May 10, 2017 08:24 AM EDT
Culling sharks might cause an imbalance in the oceanic ecosystem and possible environmental consequences. Sharks and other top ocean predators are often threated with animosity due to increasing number of attacks on humans. But scientists argue that culling them out is not the answer.
There is an ongoing senate inquiry in Australia due to perennial attacks perpetrated by sharks. Logically, the first notion is to cull them out to avoid further loss of human lives. However, the apparent retaliatory response doesn't categorically present any proof that it can reduce the number of attacks, Phys.org said. Instead, the culling measure might simply tip out the ecosystem balance.
According to marine biology professor Robert Day of the University of Melbourne, sharks are regulators of the oceanic ecosystem. When other creatures' population is growing, sharks are cutting them to "manageable" level. If sharks are taken out of the equation, their supposed preys will multiply to a level that might eradicate smaller fishes in turn. The whole ecosystem will massively change in its structure.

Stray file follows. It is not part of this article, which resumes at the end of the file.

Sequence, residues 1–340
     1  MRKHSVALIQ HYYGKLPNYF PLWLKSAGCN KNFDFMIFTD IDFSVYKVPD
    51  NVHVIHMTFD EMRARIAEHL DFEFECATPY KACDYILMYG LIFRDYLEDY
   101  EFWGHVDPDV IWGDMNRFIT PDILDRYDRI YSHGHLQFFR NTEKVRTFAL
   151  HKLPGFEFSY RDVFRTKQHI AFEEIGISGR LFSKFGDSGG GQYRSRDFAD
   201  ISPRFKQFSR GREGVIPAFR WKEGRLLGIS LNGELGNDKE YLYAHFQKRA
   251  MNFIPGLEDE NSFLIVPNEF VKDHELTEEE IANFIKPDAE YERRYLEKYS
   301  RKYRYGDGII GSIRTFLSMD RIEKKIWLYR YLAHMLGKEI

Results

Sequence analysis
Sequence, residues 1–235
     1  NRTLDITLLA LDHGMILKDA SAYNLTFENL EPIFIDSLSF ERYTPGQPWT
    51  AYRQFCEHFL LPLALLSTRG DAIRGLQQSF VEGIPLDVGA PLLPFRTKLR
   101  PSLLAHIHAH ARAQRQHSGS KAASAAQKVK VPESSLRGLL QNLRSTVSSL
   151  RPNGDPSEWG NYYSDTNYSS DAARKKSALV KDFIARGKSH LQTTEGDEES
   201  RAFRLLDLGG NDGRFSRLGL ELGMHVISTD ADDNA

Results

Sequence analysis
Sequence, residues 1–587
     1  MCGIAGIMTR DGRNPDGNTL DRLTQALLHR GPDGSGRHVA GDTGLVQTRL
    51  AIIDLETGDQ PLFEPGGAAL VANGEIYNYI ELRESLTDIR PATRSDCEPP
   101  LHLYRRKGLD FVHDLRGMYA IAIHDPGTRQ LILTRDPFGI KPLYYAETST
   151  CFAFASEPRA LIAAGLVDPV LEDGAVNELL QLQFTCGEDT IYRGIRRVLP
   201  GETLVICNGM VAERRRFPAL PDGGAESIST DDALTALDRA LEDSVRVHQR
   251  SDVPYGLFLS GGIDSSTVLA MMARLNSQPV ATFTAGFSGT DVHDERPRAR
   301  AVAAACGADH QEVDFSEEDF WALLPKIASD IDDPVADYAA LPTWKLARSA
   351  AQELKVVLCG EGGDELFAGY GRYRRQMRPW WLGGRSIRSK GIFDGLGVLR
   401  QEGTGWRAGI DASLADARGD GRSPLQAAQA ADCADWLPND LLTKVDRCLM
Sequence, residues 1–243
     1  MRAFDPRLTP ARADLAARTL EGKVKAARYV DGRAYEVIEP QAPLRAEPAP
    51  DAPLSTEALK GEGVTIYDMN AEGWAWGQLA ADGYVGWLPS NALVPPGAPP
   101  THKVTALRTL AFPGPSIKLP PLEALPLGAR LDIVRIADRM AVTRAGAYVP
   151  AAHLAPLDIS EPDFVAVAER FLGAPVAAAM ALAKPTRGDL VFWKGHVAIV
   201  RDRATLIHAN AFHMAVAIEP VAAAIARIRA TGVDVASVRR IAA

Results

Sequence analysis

There are two lesser known habits of sharks that assures a healthy ocean as well. Sharks are picking out preys that are weak, sick or old. This habit is resulting to disease prevention and strong gene pools. Secondly, sharks are efficient water cleaners as they scavenge on decomposing fishes, Outside Online narrated.
Take for example the case of tiger sharks which went through an extensive observation and study by Hawaii-based researchers. The study has proven that tiger sharks play an important role in keeping the sea grass beds healthy. The tiger shark preys on turtles that might overgraze on the grass beds if left unregulated.
Meanwhile, there is a debate and comparison in between the atrocities not just by sharks against humans, but humans against sharks as well. In Australia alone, there were 4 human fatalities in 2016 while the worldwide average is 10 deaths resulting from attacks. On the contrary, there is an estimated rate of 100 million sharks being killed by humans every year, either for food or plain sport.
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